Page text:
Markets prep for fed rate hikes

Federal Reserve Chairman Jerome Powell’s much-anticipated announcement Jan. 26 about the Fed’s intention to raise interest rates in 2022 rippled through the credit world. Observers opined on whether the news would inspire a rush of applications for mortgage and small business loans.
 
As of Jan. 27, mortgage rates were already at a pandemic-era high, with the benchmark rate for the 30-year fixed-rate mortgage averaging 3.56%, Market- Watch stated in a news report. That was a rise of half a percent in four weeks.
 
The Cape Fear area could see more people hurrying to buy or sell homes, but there’s limited supply for buyers, said Ea Ruth, president of Cape Fear Realtors (pictured left).
 
“Buyers that are sitting on the fence and new entry buyers may try to take advantage of the current rates in anticipation of other rate hikes anticipated for this year,” she said. “It is a Catch-22 as we still have limited inventory, which can be a hindrance to those buyers wanting to be at the lower rate.
 
“This anticipation may also encourage sellers to list if they too have been waiting so that they can capture these buyers getting in on the current rates,” she continued. “Sellers and buyers – unless they are investors – tend to be in the market when they have a need to buy or sell, so I don’t foresee a huge reduction in buyers buying because of the interest rates’ projected increase this year.”
 
In a report Jan. 26, MarketWatch noted that the Fed’s upcoming rate hike has already been “baked into” mortgage rates. “The Fed manipulates short-term interest rates, while mortgage rates are long term. Consequently, expectations of the Fed’s actions are already being factored into the rates lenders offer applicants,” the report stated.
 
MarketWatch analysts think there will be increased demand for mortgage loans at current rates. “Economists expect that the rise in mortgage rates in recent weeks has already triggered an unseasonable rush to purchase homes well ahead of the typical peak spring home-buying season,” the report continued. “These buyers are aiming to lock in cheap financing while they still can. Real estate experts believe that mortgage rates will continue to rise throughout the year.”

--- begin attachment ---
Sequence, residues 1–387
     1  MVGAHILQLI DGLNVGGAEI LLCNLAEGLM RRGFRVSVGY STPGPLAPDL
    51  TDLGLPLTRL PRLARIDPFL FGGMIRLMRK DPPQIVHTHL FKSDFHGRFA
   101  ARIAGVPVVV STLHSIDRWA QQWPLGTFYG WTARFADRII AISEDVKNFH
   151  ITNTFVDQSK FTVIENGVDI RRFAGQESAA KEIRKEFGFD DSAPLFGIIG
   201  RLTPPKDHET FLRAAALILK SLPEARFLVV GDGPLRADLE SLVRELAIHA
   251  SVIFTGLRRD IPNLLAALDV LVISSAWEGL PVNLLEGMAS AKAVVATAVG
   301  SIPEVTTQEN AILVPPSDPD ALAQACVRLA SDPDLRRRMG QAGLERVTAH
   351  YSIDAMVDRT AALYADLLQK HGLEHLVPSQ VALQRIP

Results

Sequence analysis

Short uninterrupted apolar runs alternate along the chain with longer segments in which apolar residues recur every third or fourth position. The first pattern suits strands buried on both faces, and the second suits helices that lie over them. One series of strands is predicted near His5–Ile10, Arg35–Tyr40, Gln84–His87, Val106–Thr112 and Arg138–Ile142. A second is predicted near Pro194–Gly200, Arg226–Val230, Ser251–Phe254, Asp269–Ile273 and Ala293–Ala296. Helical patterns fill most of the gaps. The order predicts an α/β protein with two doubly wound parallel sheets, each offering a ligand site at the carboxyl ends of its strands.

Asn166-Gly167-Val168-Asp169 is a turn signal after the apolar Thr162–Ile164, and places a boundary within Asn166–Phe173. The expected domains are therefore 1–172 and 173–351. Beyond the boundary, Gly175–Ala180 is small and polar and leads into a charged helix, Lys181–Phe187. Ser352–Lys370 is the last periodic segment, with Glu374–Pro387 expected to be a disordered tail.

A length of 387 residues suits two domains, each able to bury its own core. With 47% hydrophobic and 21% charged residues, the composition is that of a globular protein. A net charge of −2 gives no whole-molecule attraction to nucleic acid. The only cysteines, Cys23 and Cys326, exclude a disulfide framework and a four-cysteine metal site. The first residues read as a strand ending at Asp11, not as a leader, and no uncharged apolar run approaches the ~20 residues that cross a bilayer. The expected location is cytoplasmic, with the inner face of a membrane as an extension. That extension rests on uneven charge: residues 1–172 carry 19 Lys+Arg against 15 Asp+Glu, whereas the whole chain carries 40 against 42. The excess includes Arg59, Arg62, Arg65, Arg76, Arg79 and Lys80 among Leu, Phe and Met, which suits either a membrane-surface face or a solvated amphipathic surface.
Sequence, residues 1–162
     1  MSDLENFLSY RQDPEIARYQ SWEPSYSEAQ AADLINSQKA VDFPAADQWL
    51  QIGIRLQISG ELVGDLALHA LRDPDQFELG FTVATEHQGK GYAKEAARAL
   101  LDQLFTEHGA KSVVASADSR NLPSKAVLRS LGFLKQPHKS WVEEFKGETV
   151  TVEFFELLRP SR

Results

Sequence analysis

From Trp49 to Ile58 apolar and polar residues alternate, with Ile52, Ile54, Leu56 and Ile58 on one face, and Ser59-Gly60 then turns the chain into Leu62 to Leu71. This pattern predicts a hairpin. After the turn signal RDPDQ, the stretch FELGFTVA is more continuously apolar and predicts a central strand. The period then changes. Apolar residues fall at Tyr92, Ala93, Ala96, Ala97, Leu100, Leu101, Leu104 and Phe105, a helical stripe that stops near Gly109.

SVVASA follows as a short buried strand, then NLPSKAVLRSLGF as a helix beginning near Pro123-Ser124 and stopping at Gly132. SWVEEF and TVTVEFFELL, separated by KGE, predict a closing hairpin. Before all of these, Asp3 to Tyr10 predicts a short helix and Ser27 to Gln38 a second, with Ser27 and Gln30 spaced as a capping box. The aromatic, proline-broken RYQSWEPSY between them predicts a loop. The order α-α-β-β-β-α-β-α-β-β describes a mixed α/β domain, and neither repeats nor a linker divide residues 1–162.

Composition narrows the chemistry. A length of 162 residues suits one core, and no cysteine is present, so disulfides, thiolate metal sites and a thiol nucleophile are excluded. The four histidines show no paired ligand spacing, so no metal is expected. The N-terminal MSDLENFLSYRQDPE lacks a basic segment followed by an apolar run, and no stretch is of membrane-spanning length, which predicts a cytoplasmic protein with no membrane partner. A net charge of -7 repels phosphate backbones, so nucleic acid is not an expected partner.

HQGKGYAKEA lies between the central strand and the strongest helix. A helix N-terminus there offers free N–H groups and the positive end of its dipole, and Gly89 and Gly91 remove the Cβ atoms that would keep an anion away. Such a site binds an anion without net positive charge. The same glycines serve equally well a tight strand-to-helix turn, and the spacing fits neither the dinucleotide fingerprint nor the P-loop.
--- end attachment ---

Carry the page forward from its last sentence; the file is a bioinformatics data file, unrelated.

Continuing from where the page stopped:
Cape Fear Realtors’ Ruth pointed to an upcoming rule from the Federal National Mortgage Association that could have an impact on some homebuyers, including in the region.
 
“Fannie Mae announced Jan. 5, 2022, that it is evaluating and making adjustments to its loan level for second homes and high balance loans, which basically means it will cost a buyer more to finance a second home or higher-priced home than previously,” she said. “This does not include first-time homebuyers.”
 
The new rule, which has not been broadly publicized, becomes effective April 1. Ruth believes it could affect buyers in coastal communities that attract high numbers of second home buyers and whose properties carry a heftier price tag.
 
What is the nation’s top SBA lender expecting from prospective small business borrowers?
 
“We have not seen accelerating plans to borrow in the face of rate hikes,” said Live Oak Bank’s chief credit officer Steve Smits (pictured right). “We will, however, see more demand for fixed rather than floating rates. Government programs such as SBA loans tend to be attractive alternatives in inflationary or raised-rate environments. They have more flexible terms. For instance, a conventional loan can be structured for five or seven years; with the SBA, it can be 10 years. The lender is okay with this because the government guarantee takes away some of the risk.”
 
Smits said Live Oak’s application pipeline is still “pretty robust.”
 
“Our lenders feel there will be continued demand throughout the year and are not pulling back. We use the SBA program to finance a good bit of change of ownership, acquisitions and successions,” he continued. “We feel that is going to continue as founders/owners are looking toward retirement. In particular, when you go through an economic cycle like we’ve been experiencing over the past nearly two years, you typically see business owners accelerating their plans to retire. Demand is driven by that, coupled with more folks looking for nontraditional ways to make a living. Business ownership seems to be gaining momentum: There are more businesses available for sale and more people looking to buy a business and work for themselves.”
 
Despite the current demand for business acquisition loans, borrowing will become more costly as interest rates rise.
 
“When borrowing becomes more expensive, a big consideration for a lender is the borrower’s ability to repay,” Smits said, adding that a buyer might need a bigger down payment and increased cash flow to support the loan payments. Ultimately, that might mean fewer potential buyers for a company, which could lead a seller to lower the asking price.
 
“These are just things we watch,” Smits continued. “At Live Oak, we think loan demand is going to be healthy, even with the raising rate environment. I call it the gray-hair tsunami: Aging people who are ready to retire. It seems to be happening all at once.”
 
Financial advisers nationwide are counseling people to whittle down their credit card debt as quickly as possible before card companies raise their APRs to align with the higher Fed rates.
 
But there’s not such a sense of urgency if you’re in the market for a new or used car.
 
“A rise in interest rates has a minimal impact on auto loan rate affordability,” Greg McBride, chief financial analyst at Bankrate.com told MarketWatch recently. “The difference of one-quarter percentage point amounts to a difference of $3 per month for a car buyer borrowing $25,000.”



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